Move over, Hillary: Rahm Emanuel sued over use of private email
Hillary Clinton is not the only person facing trouble over the use of personal email to avoid the pesky necessity of turning over communications to public scrutiny. Chicago mayor Rahm Emanuel has just been sued by the Chicago Tribune over his use of private emails and texts with regard to public business. Steve Mills of the Tribune reports:
The Chicago Tribune filed a lawsuit Thursday alleging that Mayor Rahm Emanuel violated state open records laws by refusing to release communications about city business conducted through private emails and text messages.
The lawsuit, filed in Cook County Circuit Court, asks a judge to order the mayor to comply with a state Freedom of Information Act request from the Tribune and produce the documents. The lawsuit also seeks to have Emanuel declared in violation of the Illinois Local Records Act for failing to preserve emails and texts he sent or received while doing city business.
The specific issues that the Trib has been investigating are Chicago’s red light cameras and Rahm’s relationship with a hedge fund magnate:
The lawsuit against Emanuel grew out of a FOIA request in June from Tribune reporter David Kidwell. Kidwell's request sought emails, text messages and other electronic communications between Jan. 1, 2015, and June 30, 2015, related to the city'sscandal-plagued red light camera program.
Kidwell and the Tribune have reported aggressively on the program, challenging many of the city's claims about its effectiveness. That reporting led to a bribery indictment of a former city official and revealed inconsistent enforcement and lax oversight.
The Tribune's FOIA request also sought communications during the same period that included the mayor and Michael Sacks, CEO of a Chicago-based hedge fund who has donated to Emanuel's campaigns and was named to lead World Business Chicago, which Emanuel formed to try to bring business to the city. The Tribune, in its reporting, has sought to learn more about Sacks' role in advising the mayor on economic development and other public policy issues.
Rahm is apparently taking the position that there is no need to supply information from personal devices and accounts:
… the mayor's office also said that it had no records responsive to the request for emails and texts in which Emanuel conducted city business on personal devices. What's more, the mayor's office wrote in its response that it was not required under the law to produce those.
"As a result, to the extent that your request seeks records that do not reside on City email and telephone accounts, the Mayor's Office has no records responsive to that portion of your request," wrote Freedom of Information officer Chloe Rasmas in the mayor's office's response.
The Tribune concedes that the Illinois open records law may have some flaws.
Though the Tribune argues in its lawsuit that the mayor's office's refusal to turn over emails on private accounts and text messages on personal phones is "contrary to law," Ruth Schlossberg, a Crystal Lake attorney who represents municipalities on such matters, said she disagrees and that "the law is not so settled" in Illinois. (snip)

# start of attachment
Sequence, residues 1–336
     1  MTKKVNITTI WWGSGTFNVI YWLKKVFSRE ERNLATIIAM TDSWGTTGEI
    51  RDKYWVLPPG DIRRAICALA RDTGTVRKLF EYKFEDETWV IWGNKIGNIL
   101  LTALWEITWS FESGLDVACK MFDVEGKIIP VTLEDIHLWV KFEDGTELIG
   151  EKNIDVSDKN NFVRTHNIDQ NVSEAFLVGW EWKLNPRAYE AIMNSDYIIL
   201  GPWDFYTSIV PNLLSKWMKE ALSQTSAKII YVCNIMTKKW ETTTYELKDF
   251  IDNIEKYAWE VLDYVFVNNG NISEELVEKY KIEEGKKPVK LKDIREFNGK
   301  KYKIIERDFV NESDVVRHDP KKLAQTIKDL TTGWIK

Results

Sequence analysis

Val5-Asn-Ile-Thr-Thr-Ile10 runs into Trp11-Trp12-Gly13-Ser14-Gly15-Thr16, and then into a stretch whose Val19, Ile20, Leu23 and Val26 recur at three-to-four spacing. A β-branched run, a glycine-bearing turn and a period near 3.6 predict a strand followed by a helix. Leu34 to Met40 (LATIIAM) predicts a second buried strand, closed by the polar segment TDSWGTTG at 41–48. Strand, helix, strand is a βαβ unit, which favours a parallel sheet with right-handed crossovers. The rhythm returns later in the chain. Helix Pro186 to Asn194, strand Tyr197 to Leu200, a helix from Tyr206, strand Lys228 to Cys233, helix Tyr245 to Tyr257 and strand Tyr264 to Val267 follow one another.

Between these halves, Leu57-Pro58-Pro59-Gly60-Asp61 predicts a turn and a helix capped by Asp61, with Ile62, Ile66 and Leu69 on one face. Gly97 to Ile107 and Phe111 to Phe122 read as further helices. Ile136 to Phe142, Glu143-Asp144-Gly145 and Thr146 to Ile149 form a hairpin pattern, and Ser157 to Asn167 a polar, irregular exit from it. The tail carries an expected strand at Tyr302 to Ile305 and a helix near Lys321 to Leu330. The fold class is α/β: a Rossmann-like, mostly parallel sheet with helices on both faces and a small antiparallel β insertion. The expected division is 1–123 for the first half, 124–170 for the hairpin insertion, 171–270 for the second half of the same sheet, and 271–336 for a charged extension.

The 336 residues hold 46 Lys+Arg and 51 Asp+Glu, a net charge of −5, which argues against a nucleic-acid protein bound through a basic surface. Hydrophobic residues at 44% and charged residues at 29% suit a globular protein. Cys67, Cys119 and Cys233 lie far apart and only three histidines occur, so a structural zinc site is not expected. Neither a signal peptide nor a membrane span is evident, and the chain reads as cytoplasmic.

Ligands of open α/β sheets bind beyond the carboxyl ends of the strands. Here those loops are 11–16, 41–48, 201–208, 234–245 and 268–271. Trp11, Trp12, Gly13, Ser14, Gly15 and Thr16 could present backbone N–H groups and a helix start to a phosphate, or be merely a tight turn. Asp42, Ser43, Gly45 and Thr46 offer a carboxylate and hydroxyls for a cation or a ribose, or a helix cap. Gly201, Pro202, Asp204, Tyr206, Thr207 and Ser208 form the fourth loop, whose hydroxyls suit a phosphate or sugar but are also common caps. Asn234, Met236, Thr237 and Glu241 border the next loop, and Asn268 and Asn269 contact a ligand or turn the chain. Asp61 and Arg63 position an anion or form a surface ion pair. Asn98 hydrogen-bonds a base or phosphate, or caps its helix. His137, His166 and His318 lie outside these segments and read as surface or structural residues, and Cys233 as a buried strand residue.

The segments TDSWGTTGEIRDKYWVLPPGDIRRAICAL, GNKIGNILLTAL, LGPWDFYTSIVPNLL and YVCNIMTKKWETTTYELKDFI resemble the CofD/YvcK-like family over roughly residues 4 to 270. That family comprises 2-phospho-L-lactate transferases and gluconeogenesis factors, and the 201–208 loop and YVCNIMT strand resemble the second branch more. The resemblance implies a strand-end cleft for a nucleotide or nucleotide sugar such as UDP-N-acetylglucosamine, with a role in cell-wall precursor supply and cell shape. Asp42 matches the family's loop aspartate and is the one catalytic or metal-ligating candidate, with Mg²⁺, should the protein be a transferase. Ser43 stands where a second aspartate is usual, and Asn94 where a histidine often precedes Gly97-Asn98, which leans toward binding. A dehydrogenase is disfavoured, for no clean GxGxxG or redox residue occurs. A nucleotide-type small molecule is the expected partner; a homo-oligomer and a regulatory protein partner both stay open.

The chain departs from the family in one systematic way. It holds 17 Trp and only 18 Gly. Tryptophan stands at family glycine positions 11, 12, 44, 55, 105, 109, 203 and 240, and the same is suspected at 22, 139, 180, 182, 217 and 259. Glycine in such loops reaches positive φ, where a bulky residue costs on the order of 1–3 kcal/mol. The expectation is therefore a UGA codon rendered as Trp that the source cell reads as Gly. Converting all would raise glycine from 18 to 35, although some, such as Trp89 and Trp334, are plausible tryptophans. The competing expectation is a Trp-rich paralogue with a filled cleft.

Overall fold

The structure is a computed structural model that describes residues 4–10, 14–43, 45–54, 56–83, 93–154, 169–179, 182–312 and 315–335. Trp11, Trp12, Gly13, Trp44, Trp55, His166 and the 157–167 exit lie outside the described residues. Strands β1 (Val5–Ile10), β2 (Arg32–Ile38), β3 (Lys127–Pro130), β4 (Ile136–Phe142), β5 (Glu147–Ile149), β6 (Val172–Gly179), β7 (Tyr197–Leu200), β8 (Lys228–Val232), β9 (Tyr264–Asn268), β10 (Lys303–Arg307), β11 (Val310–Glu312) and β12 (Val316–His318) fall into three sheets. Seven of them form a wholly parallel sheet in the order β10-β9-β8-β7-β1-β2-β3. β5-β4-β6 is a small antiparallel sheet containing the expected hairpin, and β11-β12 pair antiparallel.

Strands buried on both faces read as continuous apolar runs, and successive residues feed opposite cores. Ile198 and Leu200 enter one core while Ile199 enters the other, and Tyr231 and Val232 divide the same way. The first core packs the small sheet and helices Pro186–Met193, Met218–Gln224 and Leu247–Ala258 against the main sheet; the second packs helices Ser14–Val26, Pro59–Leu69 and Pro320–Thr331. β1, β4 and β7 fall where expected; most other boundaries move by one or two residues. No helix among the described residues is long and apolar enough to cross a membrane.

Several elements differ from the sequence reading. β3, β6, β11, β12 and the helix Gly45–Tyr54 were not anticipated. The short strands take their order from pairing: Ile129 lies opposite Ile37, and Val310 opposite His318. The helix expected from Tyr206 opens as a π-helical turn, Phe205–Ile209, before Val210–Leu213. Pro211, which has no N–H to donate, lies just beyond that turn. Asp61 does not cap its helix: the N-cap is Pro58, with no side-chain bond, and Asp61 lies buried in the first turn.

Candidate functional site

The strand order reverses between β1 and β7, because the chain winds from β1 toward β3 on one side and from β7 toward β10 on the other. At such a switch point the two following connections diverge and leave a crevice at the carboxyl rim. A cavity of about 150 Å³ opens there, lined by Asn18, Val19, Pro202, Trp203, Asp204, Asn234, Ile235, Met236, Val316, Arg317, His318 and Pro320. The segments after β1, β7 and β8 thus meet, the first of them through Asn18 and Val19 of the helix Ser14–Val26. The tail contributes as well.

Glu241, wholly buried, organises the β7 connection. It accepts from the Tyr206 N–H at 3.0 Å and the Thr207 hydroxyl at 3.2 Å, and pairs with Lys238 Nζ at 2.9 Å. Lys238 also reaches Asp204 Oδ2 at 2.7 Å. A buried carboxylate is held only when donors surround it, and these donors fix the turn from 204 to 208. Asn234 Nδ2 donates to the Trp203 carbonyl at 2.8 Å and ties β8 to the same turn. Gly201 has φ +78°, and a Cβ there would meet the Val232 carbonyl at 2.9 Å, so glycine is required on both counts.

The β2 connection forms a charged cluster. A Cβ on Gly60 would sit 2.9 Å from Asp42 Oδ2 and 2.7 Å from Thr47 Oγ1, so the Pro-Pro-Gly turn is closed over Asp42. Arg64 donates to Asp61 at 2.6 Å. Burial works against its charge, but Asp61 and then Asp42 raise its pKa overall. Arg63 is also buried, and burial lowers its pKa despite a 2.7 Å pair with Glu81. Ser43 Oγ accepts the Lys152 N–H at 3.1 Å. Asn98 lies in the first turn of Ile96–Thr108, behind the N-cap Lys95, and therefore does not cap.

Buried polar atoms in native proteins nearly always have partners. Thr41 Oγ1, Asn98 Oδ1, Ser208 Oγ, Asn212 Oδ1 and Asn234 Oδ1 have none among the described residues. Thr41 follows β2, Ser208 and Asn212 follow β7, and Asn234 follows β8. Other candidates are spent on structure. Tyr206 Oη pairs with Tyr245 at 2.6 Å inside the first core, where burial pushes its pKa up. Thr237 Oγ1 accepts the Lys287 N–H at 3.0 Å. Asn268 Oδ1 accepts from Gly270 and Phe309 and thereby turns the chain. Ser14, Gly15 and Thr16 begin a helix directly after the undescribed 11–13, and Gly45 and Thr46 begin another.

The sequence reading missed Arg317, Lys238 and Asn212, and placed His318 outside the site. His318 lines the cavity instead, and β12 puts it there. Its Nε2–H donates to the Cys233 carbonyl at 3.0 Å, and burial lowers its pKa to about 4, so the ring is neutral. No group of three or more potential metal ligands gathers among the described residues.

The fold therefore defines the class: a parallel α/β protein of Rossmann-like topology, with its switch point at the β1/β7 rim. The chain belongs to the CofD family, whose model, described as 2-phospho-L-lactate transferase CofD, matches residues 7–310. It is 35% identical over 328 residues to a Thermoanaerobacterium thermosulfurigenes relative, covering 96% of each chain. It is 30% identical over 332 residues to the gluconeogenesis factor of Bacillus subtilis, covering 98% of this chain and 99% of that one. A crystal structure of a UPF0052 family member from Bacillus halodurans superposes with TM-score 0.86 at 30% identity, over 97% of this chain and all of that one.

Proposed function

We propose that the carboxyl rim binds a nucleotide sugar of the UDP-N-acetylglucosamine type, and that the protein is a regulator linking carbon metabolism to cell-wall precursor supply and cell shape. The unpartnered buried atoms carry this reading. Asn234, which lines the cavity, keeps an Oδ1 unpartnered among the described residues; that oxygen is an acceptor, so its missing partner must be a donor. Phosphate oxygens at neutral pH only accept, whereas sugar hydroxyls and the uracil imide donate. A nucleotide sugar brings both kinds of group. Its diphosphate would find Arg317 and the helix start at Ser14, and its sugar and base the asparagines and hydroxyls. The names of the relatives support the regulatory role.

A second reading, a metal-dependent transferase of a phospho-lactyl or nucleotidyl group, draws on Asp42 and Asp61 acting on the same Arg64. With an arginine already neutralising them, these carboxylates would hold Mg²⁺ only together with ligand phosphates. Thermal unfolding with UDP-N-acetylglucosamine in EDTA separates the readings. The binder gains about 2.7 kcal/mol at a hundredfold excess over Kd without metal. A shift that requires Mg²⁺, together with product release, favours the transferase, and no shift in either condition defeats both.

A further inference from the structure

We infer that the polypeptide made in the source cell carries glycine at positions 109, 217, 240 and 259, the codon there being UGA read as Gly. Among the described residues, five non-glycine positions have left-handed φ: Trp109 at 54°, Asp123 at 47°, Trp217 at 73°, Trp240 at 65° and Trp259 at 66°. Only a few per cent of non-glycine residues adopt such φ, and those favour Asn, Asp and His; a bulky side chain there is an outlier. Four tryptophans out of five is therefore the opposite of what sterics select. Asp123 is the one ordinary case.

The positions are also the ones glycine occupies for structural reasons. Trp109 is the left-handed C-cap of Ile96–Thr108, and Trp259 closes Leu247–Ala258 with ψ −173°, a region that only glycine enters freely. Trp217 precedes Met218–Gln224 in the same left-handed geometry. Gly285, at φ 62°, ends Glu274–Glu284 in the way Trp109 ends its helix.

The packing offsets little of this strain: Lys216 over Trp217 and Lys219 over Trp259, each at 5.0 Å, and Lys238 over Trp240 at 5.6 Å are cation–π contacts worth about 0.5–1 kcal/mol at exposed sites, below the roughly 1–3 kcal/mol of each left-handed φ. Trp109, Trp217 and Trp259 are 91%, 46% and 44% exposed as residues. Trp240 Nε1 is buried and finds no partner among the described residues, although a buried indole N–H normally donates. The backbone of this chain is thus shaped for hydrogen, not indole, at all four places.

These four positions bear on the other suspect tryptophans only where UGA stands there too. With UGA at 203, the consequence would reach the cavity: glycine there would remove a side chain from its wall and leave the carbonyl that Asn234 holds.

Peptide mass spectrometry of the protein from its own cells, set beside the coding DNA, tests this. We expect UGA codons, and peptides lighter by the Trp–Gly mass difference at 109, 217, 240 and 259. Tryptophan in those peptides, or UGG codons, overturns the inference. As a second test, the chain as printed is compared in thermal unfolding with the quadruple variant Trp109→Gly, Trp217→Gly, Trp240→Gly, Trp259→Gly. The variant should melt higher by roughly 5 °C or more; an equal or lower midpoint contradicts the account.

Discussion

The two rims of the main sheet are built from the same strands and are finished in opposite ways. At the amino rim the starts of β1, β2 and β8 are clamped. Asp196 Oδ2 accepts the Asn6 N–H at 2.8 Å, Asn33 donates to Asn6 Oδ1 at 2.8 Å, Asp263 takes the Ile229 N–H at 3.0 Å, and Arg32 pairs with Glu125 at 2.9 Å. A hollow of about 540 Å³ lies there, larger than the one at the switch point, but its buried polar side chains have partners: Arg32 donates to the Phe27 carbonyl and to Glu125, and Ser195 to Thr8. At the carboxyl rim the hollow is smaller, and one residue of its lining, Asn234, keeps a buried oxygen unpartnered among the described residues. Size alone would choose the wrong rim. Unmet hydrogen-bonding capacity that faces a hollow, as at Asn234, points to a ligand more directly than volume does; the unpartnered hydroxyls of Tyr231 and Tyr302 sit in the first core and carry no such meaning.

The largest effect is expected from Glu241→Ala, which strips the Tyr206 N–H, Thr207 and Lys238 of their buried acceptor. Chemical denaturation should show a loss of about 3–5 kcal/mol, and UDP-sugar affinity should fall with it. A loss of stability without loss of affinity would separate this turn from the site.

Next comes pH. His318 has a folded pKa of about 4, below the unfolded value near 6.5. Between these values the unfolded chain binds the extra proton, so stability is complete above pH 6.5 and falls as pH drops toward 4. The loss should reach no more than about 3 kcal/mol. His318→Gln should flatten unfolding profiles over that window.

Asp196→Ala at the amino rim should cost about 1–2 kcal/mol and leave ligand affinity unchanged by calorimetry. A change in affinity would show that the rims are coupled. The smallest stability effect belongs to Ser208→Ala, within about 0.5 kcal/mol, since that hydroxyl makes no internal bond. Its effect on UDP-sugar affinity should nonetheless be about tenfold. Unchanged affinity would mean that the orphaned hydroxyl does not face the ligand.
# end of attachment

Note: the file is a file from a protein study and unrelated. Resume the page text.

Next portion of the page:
Illinois law says written communications by government officials are subject to Freedom of Information Act requests. The law covers "electronic communications," but does not spell out the rules for the use of personal email and text messages on private cellular phones, according to experts.
The office of Attorney General Lisa Madigan has issued an opinion on the matter. In 2011, in a case involving members of the Champaign City Council, Madigan's public access counselor determined that written communications about government business on personal email accounts and private cellphones are subject to FOIA. In essence, the office said it was not the device that mattered but the person using the device and the content of the communications.
The case was appealed to the Illinois Appellate Court in Springfield, which took issue with some aspects of the attorney general's opinion. But the court agreed that emails and texts on personal devices sent by council members during a public meeting were subject to FOIA.
Bureaucrats and elected officials hate these sunshine laws. Ever since email became the most common way to communicate, the realization has grown that the public might catch on to questionable dealings. At the most extreme, as in the case of former EPA administrator Lisa Jackson, phony email accounts using a dog’s name have been created to evade legal requirements, a step also embraced by Fifth Amendment-pleading Los Lerner.
The idea that a mayor of Chicago may have some business to hide from the public is not exactly shocking news, but it is awfully inconvenient for Hillary Clinton and the Democratic Party that an old associate of hers like Rahm Emanuel, who rose to prominence in the Bill Clinton White House, is now ensnared in controversy over private emails used to evade public scrutiny of official business.
Hat tip: Peter von Buol